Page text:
Why did American commanders choose Delta Force over SEAL Team 6 to conduct the operation that killed the leader of ISIS?
Many are bound to speculate that the SEAL option was quietly put aside because of the never-ending drama emanating from the Naval Special Warfare (NSW). And the problems in the SEAL community aren’t restricted in the “White” SEAL teams – “White” teams are the acknowledged SEAL teams that aren’t part of the Joint Special Operations Command (JSOC).
The Naval Special Warfare Development Group (DEVGRU), also known as SEAL Team 6, has had its fair share of issues – issues that came in to the forefront in the immediate aftermath of the last high-profile operation of the Global War on Terror (GWOT).
Operation Neptune Spear, the raid to kill or capture Usama Bin Laden, was conducted by DEVGRU’s Red Squadron. Soon after UBL was dead, an account of the raid appeared in the form of a book written by Mark Bissonnette (he wrote it under the pen name of Mark Owen). Soon thereafter, the “Shooter’s” (Robert O’Neil) account emerged and brought an additional wave of bad publicity on DEVGRU and the NSW community.
And then reports about DEVGRU’s alleged war crimes in Iraq and Afghanistan emerged. Couple the above with the recent high profile cases in the NSW community, for example, Chief Gallagher’s war crimes trial, drug issues in SEAL Team 10, SEAL Team 7’s Alpha Platoon withdrawal from Iraq – which was made public by SOCOM on Twitter, highlighting the utter lack of confidence in the SEAL community to discipline its own, and it’s only reasonable to assume that American commander shunned away from the ST6 option because of the inability of the unit and the SEAL community to avoid embarrassing incidents.
A plausible, and even desirable, reason for many in the SOF community. But that wasn’t why Delta was chosen for the operation.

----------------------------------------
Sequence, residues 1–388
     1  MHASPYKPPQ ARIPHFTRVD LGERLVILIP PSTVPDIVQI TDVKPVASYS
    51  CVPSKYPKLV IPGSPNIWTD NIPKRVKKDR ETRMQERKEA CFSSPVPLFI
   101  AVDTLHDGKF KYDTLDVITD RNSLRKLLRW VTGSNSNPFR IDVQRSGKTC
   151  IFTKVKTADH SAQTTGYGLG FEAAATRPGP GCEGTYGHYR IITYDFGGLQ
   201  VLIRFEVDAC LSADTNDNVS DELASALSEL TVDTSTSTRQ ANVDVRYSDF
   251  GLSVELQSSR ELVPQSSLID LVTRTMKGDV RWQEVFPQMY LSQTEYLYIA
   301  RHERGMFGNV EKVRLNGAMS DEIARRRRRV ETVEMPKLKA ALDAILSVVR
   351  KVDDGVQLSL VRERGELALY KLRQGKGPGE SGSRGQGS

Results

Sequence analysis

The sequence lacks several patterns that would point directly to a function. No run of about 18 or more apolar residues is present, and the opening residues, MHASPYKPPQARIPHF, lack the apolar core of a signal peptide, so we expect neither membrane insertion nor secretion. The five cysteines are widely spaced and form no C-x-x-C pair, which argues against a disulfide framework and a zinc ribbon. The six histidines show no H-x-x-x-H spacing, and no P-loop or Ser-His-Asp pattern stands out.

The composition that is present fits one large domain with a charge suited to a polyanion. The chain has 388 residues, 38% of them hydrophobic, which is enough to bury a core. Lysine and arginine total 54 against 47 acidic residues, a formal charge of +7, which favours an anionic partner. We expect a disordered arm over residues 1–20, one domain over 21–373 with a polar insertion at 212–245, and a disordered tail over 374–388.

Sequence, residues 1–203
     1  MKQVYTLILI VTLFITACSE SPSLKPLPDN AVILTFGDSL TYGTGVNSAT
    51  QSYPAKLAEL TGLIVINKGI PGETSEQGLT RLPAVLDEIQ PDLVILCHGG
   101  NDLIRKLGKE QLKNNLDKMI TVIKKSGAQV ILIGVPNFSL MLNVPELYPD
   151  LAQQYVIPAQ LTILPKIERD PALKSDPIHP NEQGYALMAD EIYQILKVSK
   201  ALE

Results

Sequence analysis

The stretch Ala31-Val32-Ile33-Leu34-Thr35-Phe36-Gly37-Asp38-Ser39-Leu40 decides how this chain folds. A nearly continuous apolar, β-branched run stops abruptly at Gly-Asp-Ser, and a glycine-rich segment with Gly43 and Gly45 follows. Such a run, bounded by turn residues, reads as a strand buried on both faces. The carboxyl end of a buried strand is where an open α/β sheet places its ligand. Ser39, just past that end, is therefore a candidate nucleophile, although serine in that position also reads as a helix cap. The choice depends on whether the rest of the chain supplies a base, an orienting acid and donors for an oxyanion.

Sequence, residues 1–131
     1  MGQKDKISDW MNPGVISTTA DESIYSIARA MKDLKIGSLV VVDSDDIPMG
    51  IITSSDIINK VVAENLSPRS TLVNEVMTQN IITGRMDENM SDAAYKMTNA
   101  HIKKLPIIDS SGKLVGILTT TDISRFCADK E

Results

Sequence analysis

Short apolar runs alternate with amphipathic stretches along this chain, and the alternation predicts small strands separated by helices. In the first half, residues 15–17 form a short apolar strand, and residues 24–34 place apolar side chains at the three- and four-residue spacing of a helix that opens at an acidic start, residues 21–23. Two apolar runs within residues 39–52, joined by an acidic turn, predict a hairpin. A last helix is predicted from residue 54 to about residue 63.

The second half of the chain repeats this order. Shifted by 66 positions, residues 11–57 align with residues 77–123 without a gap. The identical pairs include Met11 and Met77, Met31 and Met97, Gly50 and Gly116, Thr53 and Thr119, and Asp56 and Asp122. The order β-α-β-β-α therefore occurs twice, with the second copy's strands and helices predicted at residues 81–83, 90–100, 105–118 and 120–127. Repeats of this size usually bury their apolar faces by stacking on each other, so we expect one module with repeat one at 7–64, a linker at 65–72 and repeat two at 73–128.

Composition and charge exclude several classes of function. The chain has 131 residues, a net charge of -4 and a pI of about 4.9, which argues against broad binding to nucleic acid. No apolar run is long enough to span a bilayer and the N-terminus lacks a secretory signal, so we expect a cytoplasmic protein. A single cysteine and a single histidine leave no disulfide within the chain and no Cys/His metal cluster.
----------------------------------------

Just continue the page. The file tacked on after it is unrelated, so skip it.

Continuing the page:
Ever since America has been engaged in two simultaneous conflicts in Afghanistan and Iraq, JSOC has decided to divide the pie between its two Direct Action Special Mission Units (SMU). DEVGRU got Afghanistan, Delta got Iraq. This, of course, doesn’t mean that there hasn’t been a transfusion of elements from the two units between the two Areas of Responsibility (AOR). But Delta has had the lead in Iraq (and Syria) since March 2003.
Another reason why Delta was chosen for the operation is directly related to the above: battlefield familiarity. Delta shooters have been fighting ISIS alongside their Kurdish and Iraqi allies for close to five years. After multiple combat rotations in the theater, they have gained an invaluable understanding of how the terrorist organization functions and its operational and tactical peculiarities. That doesn’t mean that DEVGRU wouldn’t be able to pull this mission off – SMUs are designed, after all, to be ready for any contingency anywhere in the world. But rather it delineates the relationships that Delta has been nurturing in the region and the great work it has been doing. A work that began in late 2015.
Under the guise of the Expeditionary Targeting Force (ETF), JSOC elements redeployed in Iraq in the closing months of 2015. The ETF was autonomous, comprising of shooters from Delta, Rangers, aviation support from the 160th Special Operations Aviation Regiment (160th SOAR), a military intelligence detachment, and an assortment of enablers. Its goal was simple – take the fight to ISIS; give them no rest, no quarter.
Drawing from the McChrystal playbook, which devastated Al Qaeda in Iraq (AQI) during the Iraqi insurgency, the ETF and its Kurdish allies began a surgical campaign that has since resulted in the killing (direct or indirectly) of approximately 25,000 ISIS fighters.
Operation Kayla Mueller was commanded by JSOC’s departing deputy commander Major General John W. Brennan Jr.